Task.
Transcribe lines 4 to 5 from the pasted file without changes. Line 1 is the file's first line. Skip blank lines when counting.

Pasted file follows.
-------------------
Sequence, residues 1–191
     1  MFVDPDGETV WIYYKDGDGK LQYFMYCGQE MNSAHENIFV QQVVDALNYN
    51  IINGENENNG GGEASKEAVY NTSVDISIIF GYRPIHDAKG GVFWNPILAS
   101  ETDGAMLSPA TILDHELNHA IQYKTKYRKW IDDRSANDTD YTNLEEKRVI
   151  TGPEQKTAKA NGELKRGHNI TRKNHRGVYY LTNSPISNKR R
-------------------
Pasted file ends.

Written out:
   101  ETDGAMLSPA TILDHELNHA IQYKTKYRKW IDDRSANDTD YTNLEEKRVI
   151  TGPEQKTAKA NGELKRGHNI TRKNHRGVYY LTNSPISNKR R